Effect of seagrass nutrient content and relative abundance on the foraging behavior of green turtles in the face of a marine plant invasion.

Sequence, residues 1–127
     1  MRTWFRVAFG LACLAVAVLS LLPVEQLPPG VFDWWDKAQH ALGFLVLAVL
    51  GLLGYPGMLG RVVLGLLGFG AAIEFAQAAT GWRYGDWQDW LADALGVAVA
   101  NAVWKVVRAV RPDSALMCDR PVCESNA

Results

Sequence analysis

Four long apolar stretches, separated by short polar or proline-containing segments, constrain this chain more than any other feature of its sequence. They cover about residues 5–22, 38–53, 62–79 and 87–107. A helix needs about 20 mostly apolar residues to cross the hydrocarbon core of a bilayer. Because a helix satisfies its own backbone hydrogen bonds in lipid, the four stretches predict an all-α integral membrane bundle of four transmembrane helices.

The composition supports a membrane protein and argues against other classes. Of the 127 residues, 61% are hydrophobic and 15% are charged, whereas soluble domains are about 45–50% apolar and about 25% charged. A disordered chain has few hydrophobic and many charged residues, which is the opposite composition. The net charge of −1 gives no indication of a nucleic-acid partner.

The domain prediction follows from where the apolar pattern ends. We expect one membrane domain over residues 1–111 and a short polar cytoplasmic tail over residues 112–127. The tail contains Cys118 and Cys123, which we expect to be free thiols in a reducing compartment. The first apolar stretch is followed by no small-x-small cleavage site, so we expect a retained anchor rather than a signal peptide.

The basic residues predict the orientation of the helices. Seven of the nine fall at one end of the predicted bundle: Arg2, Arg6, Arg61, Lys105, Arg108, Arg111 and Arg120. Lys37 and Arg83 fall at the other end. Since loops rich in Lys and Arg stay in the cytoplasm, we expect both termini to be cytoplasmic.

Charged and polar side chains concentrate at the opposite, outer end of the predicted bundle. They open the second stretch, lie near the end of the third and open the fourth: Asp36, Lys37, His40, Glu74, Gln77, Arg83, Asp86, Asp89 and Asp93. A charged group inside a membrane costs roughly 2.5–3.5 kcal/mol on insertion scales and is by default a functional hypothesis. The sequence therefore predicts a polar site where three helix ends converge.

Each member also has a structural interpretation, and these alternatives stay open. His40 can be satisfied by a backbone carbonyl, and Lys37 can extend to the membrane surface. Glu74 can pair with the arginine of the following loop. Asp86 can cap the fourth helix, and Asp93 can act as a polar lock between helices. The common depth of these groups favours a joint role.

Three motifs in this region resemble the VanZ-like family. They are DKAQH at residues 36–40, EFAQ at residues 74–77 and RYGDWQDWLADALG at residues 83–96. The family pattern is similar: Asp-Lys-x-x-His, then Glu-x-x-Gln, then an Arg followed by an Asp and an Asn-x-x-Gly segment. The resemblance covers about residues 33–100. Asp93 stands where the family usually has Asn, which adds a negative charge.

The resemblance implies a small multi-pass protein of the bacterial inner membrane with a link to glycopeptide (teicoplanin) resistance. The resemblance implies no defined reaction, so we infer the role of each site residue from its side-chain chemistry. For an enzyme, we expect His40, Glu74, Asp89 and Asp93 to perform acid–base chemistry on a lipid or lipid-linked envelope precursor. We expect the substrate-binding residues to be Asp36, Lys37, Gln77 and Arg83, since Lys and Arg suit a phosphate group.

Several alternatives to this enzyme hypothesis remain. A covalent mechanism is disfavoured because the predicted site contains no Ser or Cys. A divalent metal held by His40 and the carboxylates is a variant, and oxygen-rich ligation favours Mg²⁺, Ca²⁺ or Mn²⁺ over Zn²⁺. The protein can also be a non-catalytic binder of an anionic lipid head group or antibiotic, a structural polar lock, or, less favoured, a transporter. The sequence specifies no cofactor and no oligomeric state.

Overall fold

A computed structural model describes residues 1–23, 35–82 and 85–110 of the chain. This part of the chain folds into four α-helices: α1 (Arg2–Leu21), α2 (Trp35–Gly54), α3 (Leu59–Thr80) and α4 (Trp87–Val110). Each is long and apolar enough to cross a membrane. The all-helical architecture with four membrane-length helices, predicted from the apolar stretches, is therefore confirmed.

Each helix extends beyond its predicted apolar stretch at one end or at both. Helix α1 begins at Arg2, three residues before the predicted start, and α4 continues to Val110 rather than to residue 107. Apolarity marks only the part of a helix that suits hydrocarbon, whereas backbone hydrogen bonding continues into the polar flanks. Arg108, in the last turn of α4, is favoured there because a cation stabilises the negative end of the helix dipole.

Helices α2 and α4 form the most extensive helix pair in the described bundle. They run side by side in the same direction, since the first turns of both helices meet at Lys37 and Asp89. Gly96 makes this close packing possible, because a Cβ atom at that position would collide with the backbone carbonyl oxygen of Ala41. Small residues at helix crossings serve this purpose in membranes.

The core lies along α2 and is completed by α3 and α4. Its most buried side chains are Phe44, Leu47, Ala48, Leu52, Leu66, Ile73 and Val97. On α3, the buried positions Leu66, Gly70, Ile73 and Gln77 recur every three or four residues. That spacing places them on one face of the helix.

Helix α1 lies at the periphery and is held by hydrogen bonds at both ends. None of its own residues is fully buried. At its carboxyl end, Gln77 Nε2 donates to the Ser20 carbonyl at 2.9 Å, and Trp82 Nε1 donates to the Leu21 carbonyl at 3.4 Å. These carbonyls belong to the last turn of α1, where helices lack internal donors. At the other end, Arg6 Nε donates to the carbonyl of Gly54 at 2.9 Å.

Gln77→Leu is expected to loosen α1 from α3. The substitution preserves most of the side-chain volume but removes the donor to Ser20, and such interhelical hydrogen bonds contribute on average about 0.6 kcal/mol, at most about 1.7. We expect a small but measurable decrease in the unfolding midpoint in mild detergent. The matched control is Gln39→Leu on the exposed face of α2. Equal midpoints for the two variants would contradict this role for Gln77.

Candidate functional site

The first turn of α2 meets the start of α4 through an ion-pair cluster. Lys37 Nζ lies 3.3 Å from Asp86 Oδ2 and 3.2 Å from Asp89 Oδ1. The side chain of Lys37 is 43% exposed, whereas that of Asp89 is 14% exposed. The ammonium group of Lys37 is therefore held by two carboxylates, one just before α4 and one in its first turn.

Invasions may succeed because they are not controlled by natural enemies in a novel environment (enemy release hypothesis [ERH]). If local consumers preferentially feed on native species, they can facilitate invasions, while preferential or even non-selective feeding on an invader could minimize its impact. Halophila stipulacea, a seagrass native to the western Indian Ocean, has spread to the Mediterranean and Caribbean. As locally abundant large-bodied grazers, green turtles Chelonia mydas could either facilitate or attenuate the H. stipulacea invasion depending on their foraging patterns. We tested a priori predictions about green turtle foraging behavior in the presence of H. stipulacea and native seagrasses off the west coast of Guadeloupe, French West Indies, to investigate the ERH. Using video-assisted individual focal follows (n=45), we assessed individual- and population-level foraging preferences. Turtles foraged across a wide range of microhabitats including monospecific seagrass meadows and a range of compositions within mixed-species meadows. Green turtles showed clear preference for native Syringodium filiforme over the invasive seagrass. Both H. stipulacea and macroalgae were generally avoided. However, individual turtle foraging preferences varied with ca. 12% of individuals foraging on H. stipulacea at rates above those predicted by availability. No differences in nutrient content were observed between the native and invasive seagrass, suggesting that other factors can drive forage selection. The preference shown by most green turtles in Guadeloupe for native over invasive seagrass suggests green turtle foraging likely facilitates the H. stipulacea invasion at this stage of its spread, regardless of relative abundance and nutritional value.